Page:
Early Thoughts on Various Coney Sauce Recipes

Archive Notes: I wrote the following in January of 2009. The Detroit Chili Sauce shown here doesn’t seem to be available anymore. And when I actually did attempt the recipe at the bottom of this page, it was probably one of the worst things I ever put in my mouth. This info is included here just for historical context.

Yes, I’m back on the subject of coney sauce again. It’s an obsession. Having made 72 batches of my own recipe for a Flint-style coney sauce over the summer of 2008, you’d think I was tired of it. But Monday as dad’s funeral procession headed north through Flint along Dort Hwy at Davison Rd., I found myself looking west. Yeah, Angelo’s is down that way … dad really liked it … I wonder if they’re finally making the right Flint sauce once again … The funeral director seemed to think the family had bought back the restaurant which they had sold without selling the recipe, and may actually be making the original sauce in the original location once again. I guess at some point I’m going to have to find out what’s going on up there.

For a long time the realities of Michigan’s coney sauces, including the beloved Flint coney sauce from Angelo’s, have been a bit elusive to some extent. The recipe for the sauce I served this past summer is based on the popular rumor of, “I always heard there were ground Koegel Viennas in the Flint sauce”. That’s what we did, and the sauce was something our customers really liked.

But there is something else as well. There are a couple rumors I’d heard that have made me wonder about the real recipe.

And then there is this white bag with a plastic tray of schtuph in it: Check it out:

One of the rumors I’d heard was that there weren’t hot dogs in the original Flint coney sauce. Rather, it was organ meat. I’d also heard rumors that if you use tomato sauce in the coney sauce (which I always have), that’s not authentic either. If you click on this image to open a larger version of the image, and have a look at the ingredients, you’ll see something interesting: Beef hearts. Suet. Cracker meal for thickening. Some spices including paprika. A little bit of coloring.

But not a single drop of tomato anything in there whatsoever.

Somewhere along the line someone had also passed me what they believed to be an authentic recipe for the Jackson coney sauce, served at Todoroff’s in Jackson, Michigan:

Jackson Coney Island Sauce
1-1/2 pounds ground beef heart
1 Tbsp vegetable oil
2 tsp garlic salt
2 tsp chili powder
2 tsp cumin powder
2 tsp paprika

Brown the meat in the vegetable oil but do not drain it. Once it’s browned, add the spices. Also add just enough water to moisten the sauce, maybe a few tablespoons. Simmer the sauce for 30 minutes, stirring occasionally, until it’s somewhat dryer, while being careful not to let it dry completely. Served over grilled hot dogs having natural casings (Koegel Viennas). Mustard and finely chopped onion are the preferred toppings.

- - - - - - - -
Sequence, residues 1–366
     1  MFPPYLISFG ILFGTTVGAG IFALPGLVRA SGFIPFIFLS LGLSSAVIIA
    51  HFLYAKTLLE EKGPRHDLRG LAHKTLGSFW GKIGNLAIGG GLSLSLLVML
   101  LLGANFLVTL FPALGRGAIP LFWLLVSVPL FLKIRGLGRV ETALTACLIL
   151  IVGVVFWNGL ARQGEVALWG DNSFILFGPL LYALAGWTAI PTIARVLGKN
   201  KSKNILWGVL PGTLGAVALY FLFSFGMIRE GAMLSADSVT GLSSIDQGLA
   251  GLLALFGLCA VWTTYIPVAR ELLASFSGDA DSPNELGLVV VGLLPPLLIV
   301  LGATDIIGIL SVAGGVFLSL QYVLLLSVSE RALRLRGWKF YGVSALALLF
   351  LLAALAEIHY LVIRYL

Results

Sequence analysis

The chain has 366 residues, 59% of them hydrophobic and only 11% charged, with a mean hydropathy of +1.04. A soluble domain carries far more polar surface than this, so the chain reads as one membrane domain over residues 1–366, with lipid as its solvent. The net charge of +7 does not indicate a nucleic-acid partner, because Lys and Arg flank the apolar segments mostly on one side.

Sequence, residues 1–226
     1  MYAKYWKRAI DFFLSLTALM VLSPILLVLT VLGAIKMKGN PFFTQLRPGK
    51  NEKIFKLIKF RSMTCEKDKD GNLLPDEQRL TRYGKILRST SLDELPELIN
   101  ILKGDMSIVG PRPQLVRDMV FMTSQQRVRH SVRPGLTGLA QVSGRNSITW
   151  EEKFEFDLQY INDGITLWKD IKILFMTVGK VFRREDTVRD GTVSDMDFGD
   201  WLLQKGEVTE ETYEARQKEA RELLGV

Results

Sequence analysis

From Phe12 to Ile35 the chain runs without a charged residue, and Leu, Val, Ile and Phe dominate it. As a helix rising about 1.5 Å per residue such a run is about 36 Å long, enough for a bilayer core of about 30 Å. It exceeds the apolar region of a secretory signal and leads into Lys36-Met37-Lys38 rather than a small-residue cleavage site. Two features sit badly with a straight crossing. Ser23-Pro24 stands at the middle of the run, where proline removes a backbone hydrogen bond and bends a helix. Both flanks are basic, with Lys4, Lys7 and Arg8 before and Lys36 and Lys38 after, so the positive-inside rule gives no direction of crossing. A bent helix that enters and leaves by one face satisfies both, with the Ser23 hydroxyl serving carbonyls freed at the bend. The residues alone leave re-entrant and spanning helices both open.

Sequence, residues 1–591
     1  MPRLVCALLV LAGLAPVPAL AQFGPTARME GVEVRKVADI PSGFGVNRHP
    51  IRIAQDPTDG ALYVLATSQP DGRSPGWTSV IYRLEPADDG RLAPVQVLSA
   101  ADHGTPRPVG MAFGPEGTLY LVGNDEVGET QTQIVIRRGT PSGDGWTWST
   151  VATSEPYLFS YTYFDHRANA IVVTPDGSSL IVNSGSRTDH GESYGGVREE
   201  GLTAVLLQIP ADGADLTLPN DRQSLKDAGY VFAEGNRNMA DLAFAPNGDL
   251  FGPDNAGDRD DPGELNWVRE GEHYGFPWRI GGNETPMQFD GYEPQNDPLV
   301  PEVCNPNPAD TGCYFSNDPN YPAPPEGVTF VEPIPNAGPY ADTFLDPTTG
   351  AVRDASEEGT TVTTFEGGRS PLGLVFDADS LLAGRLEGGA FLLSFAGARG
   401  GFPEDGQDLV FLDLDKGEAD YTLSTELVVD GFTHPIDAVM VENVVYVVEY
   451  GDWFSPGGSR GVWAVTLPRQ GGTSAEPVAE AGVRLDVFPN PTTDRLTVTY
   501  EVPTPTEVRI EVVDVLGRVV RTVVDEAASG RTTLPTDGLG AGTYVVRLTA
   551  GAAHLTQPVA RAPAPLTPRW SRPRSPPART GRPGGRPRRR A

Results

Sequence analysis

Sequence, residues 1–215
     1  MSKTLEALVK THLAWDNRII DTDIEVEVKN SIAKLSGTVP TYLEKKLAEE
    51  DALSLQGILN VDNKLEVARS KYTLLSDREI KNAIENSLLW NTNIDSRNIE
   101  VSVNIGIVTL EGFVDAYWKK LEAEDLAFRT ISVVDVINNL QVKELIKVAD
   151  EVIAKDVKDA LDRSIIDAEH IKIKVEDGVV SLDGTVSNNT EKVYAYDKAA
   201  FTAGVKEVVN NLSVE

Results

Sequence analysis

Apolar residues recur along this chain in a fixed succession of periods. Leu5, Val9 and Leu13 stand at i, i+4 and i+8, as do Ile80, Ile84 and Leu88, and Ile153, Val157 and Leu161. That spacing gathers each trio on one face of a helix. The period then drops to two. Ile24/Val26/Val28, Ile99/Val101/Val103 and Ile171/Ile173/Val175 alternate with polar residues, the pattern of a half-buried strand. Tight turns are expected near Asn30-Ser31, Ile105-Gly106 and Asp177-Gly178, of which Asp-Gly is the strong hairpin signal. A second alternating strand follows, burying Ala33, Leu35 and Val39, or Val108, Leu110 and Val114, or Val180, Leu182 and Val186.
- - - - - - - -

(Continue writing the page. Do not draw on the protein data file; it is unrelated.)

It becomes quite obvious that if you add a few more items to the above recipe, such as the suet, a little ground beef to replace the vegetable protein, some cracker meal and a bit of water, you’ll end up with what’s apparently an authentic Detroit Coney Island Sauce:

Detroit Coney Island Sauce
1 pound beef heart, finely ground
1/2 pound chuck, finely ground
1/4 cup rendered beef suet
1/4 cup water
2 tsp garlic salt
2 tsp chili powder
2 tsp cumin powder
2 tsp paprika
1/4 cup cracker meal

Brown the beef heart and ground chuck in the suet but do not drain it. Once it’s browned, add the water and the spices. Simmer the sauce for 30 minutes, stirring occasionally and adding more water if necessary to keep it wet. Once the sauce is simmered, add the cracker meal to tighten it up but not too much. Served over grilled hot dogs having natural casings (Dearborn Brand). Mustard and finely chopped onon are the preferred toppings.

So what about the Flint sauce? Does it contain organ meats or not? The fact is there is no regulation on what goes into a hot dog and some do contain organ meats. If the Flint coney sauce does contain ground Koegel Viennas as mine did this past summer, there’s just good beef and pork in there. If they’re using cheaper hot dogs, there just might be some organs.

But at the same time, neither the Jackson nor the Detroit sauces contain ground hot dogs. And while the Flint sauce is dryer than these other two, what Angelo’s created in 1949 may have contained organ meats which were in popular use at the time.

I found an obscure little recipe and adapted it using what I knew to be readily available in 1949. I have yet to try this … I’m just throwing it out there:

Flint Coney Island Sauce
1/2 lb Beef kidney, finely ground
1/2 lb Beef heart, finely ground
1/4 cup rendered beef suet or lard
3 tbsp of paprika
2 tbsp of chili powder
Kosher salt
Fresh ground pepper

In a small pot melt the rendered beef suet or lard. In a large mixing bowl mix all but the salt and pepper by hand. Gently crumble the meat mixture into a medium pot, add the melted fat and stir well. Set for low heat and allow the pot to heat up. Simmer over low heat for about 45 minutes, adding suet or lard as necessary to prevent the meat from drying out. When the simmer is done, add salt and pepper to taste and finish stirring. Served over grilled hot dogs having natural casings (Koegel Viennas). Mustard and finely chopped onion are the preferred toppings.

I do know where I can likely get the beef kidney, beef heart and real suet. Once we try this, I’ll give a full review.

Maybe I can get some of Angelo’s sauce and see what’s up with that, comparing it to the results of the above recipe. Yeah, maybe …

1 thought on “Early Thoughts on Various Coney Sauce Recipes”

  1. Pingback: Detroit Coney Dog with Homemade Coney Sauce - Ramshackle Pantry

Leave a Reply

Your email address will not be published. Required fields are marked *